By Erik L. Ridley, staff writer
    November 8, 2010

    Monday, November 29 | 11:00 a.m.-11:10 a.m. | SSC08-04 | Room S402AB
    Can an image viewer driven by a Nintendo Wii remote hold its own against a clinical PACS workstation? Researchers from Weill Cornell Medical College in New York City will share their surprising results in this session.

    A flexible user interface is important to reduce the risk of repetitive stress injuries. Unfortunately, flexibility isn't a characteristic associated with the traditional mouse and keyboard PACS interface, which features frequent mouse scrolling to navigate through images.

    However, the customizable Wiimote controller -- with its use of accelerometers, lack of a scroll wheel, and infinite number of hand and arm positions -- does fit the bill, according to presenter Matthew Amans, MD.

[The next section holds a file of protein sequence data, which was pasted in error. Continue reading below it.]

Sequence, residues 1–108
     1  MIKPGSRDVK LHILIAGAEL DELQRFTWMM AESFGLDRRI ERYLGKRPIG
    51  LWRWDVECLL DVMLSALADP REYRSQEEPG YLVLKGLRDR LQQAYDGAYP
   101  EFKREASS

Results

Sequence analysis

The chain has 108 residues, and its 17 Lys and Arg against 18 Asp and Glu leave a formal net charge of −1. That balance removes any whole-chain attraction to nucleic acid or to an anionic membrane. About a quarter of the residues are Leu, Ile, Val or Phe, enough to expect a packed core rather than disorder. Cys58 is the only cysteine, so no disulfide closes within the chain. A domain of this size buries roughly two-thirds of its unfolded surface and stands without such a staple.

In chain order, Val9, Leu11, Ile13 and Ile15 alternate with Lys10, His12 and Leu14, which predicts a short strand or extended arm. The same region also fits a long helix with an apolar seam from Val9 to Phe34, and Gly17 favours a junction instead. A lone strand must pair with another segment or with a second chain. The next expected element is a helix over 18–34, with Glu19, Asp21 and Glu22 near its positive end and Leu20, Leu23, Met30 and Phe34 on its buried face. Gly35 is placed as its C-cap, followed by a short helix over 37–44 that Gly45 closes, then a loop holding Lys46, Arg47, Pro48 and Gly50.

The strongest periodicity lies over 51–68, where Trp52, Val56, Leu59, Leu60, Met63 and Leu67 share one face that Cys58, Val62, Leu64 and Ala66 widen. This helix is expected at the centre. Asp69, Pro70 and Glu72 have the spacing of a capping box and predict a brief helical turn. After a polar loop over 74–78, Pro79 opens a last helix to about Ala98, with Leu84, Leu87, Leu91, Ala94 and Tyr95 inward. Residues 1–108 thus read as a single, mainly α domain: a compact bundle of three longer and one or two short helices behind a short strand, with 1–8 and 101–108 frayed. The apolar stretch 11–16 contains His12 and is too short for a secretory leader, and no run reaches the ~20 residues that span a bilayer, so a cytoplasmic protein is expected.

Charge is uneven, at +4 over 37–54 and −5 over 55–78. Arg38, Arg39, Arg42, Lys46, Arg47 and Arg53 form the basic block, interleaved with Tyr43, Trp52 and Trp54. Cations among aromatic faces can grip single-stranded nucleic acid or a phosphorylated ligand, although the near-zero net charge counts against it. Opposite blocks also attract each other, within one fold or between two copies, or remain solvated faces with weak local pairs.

Previously, the Weill Cornell researchers found that an internally developed viewer specially designed to work with the Wiimote could be as accurate for radiologists as conventional PACS workstation software. In this research project, the study team sought to compare its speed with a clinical PACS.

    After a short training session, 12 radiologists with varying levels of experience were found to be as fast using the Wiimote to navigate studies as they are with PACS.

    "It is unlikely that implementation of a device such as the Wiimote would decrease productivity and [it] may improve workplace safety," Amans told

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